The Story of Pocahontas
We started farming in earnest in 2013. I was an Aggie by education from my years as a graduate student at UConn’s College of Agriculture and Animal Sciences. It took me until middle age to come back around to my love and to have my own first farm.
I and my husband had always wanted chickens and seemed to come to the same decision simultaneously about wanting to start our own flock for the healthy, fresh eggs they could provide. Since we don’t use any pesticides or chemical fertilizers on our land we knew that we had a perfect place to raise free-range, pastured chickens.
I, perhaps more than he, became enamored of the individuals in the flock. Each one had a name and a special place in my heart. Each bird lives out its life with us as part of the family, even long after they stop laying eggs.
One of my favorite breeds were the Polish hens. My trio, Dina Ross (White Crested Black Polish), Audrey Fandango (Gold Laced Polish) and Suzie Q. (Buff Polish) were all girls who just wanted to have fun. They would stay out in their protected run after dusk, partying around the water dish. They never listened to their rooster and did exactly what they wanted. They were comical and silly. Audrey especially was always good for a laugh.
Remember when you were a child and used to play ‘airplane’ by running around the lawn in S curves making believe that you could fly? That was Audrey. Always running with wings outstretched in S curves around the lawn. And then there was her laugh. She actually had a human-sounding laugh and found everything funny from my new dark glasses to other folks’ hats.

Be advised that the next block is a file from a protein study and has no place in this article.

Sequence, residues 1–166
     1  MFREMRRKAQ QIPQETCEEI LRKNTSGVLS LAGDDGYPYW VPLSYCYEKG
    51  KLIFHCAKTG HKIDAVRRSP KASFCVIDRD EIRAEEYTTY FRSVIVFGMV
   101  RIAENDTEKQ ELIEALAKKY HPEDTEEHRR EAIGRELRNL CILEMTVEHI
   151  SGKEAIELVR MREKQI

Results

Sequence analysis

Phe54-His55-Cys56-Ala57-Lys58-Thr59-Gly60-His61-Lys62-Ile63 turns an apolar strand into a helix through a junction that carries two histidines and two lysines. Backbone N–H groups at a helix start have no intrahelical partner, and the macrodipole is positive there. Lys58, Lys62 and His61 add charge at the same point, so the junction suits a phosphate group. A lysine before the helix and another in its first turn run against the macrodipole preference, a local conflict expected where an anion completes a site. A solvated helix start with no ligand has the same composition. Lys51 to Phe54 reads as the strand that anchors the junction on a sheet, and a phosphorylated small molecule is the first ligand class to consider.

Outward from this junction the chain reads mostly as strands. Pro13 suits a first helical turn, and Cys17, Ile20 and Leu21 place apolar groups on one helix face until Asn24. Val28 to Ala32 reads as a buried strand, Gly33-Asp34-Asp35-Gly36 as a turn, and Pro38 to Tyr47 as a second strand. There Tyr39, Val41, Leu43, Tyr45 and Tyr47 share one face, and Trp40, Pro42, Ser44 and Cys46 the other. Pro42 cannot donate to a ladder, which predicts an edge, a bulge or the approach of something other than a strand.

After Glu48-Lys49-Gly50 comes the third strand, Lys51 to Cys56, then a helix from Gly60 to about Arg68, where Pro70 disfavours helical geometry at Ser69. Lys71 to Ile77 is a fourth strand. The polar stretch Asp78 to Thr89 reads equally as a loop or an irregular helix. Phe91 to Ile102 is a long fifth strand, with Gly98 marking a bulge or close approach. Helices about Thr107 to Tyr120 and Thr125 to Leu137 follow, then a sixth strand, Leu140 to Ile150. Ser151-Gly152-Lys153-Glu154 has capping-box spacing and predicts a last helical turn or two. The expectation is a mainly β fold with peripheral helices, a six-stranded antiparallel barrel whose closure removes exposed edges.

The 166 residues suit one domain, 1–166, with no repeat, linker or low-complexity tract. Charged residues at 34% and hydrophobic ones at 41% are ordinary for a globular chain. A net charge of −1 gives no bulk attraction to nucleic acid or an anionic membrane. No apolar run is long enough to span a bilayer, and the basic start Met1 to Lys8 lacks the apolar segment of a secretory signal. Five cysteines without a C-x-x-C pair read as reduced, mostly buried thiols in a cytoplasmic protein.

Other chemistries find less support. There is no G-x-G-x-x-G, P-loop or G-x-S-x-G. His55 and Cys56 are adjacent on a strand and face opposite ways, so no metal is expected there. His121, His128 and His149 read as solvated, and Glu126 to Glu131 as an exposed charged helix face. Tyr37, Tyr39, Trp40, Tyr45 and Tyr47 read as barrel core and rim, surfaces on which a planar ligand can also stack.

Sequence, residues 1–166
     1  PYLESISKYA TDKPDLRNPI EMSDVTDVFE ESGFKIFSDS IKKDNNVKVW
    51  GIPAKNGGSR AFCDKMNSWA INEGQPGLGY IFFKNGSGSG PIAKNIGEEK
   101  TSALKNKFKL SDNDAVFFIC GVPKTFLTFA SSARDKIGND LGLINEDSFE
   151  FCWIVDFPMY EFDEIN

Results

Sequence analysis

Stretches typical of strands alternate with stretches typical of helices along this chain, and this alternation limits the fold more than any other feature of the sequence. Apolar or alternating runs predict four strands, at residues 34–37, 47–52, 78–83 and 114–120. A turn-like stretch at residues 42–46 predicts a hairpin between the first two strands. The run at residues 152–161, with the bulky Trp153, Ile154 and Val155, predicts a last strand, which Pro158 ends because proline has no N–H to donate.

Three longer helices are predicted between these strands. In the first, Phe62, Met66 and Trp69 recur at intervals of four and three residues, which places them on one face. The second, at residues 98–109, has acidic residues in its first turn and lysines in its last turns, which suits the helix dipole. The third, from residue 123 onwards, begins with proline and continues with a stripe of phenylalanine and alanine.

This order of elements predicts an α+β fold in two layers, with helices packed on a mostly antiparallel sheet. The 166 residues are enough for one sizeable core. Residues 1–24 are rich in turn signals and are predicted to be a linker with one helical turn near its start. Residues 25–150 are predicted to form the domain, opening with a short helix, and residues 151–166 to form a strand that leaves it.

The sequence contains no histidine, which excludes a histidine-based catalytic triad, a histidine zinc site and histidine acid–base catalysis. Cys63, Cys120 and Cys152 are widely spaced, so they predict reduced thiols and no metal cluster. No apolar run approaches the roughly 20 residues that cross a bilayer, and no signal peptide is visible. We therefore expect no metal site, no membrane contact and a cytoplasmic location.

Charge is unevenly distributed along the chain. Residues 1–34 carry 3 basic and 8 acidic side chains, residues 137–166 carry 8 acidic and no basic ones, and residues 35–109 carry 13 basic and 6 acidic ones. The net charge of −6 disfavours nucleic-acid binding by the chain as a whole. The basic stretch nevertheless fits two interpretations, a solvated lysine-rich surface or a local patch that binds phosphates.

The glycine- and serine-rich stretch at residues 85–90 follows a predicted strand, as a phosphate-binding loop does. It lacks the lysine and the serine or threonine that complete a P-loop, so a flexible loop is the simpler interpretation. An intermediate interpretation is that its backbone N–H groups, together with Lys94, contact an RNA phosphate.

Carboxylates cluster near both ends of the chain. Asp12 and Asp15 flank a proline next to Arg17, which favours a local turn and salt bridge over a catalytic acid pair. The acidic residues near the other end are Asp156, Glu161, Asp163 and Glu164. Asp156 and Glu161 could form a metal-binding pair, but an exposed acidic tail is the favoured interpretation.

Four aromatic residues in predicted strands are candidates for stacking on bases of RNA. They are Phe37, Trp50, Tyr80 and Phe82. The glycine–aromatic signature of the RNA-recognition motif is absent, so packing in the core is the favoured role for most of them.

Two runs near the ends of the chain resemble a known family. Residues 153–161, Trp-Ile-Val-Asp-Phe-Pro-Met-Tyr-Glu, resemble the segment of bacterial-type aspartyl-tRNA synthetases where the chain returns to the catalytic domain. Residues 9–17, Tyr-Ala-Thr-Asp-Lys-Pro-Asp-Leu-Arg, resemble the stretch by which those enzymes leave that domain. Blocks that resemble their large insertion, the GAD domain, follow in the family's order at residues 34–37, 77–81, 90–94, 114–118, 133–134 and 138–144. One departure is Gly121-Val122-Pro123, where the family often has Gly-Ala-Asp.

One day in spring I was watching her and thinking about how sad I would be when she and the others eventually passed. When I went to the feed store that week, of course they had spring chicks. So, I went into the chick trailer and peeked into each cage. There in one corner was a cage with some Polish chicks in it. Now, the trouble with spring chicks is that the rare breeds are almost always ‘Straight run” meaning unsexed, so you don’t know if they’re going to grow up to be hens or roosters. And you can’t buy just one – state laws require you to purchase two.
I knew that it might cause Ken stress if I came home with more chicks. But I justified the urge by picking out just two – a Gold Laced Polish and A White Polish. Surely, I thought, one would end up being a hen. And I had someone to help me disguise the new chicks – our best broody hen, Mummy Burd, who was already raising a clutch of 7 chicks. So, the feed store clerk put them in a small box and home I went.
As I drove up the driveway I could see that Ken had already arrived home from work. Terrified of being discovered with more chicks I quickly drove out back where the large chicken run was and parked. Gently stuffing one chick into each pocket of my vest I ran, breathless, the length of the run to Mummy Burd’s maternity ward at the other end. I zipped into the pen and placed the two chicks under her. She looked to see what the new little balls of fuzz under her were and then clucked softly and ‘tucked’ them in under her expanded breast.